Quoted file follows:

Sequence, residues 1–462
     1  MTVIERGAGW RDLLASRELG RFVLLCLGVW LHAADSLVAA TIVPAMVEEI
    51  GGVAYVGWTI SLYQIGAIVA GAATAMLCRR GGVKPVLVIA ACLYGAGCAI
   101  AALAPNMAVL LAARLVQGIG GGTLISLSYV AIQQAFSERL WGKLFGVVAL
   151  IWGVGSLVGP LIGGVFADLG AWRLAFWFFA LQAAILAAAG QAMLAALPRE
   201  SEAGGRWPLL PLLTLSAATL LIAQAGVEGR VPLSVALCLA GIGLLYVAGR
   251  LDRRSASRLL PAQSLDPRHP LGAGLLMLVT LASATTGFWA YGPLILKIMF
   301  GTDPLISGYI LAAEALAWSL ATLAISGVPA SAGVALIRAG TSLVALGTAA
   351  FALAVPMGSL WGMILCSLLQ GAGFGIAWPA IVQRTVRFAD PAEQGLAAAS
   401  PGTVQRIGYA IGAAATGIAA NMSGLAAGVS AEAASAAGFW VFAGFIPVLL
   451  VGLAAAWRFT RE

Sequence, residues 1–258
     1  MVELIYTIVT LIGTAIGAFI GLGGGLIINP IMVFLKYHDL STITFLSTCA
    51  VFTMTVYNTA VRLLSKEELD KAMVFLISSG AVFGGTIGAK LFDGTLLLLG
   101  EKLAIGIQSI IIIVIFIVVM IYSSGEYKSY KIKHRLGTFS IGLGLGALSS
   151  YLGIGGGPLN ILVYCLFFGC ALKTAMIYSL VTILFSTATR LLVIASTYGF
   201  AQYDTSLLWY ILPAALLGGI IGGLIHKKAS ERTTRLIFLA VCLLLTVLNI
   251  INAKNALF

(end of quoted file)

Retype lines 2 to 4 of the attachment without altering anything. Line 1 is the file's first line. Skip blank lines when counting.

     1  MTVIERGAGW RDLLASRELG RFVLLCLGVW LHAADSLVAA TIVPAMVEEI
    51  GGVAYVGWTI SLYQIGAIVA GAATAMLCRR GGVKPVLVIA ACLYGAGCAI
   101  AALAPNMAVL LAARLVQGIG GGTLISLSYV AIQQAFSERL WGKLFGVVAL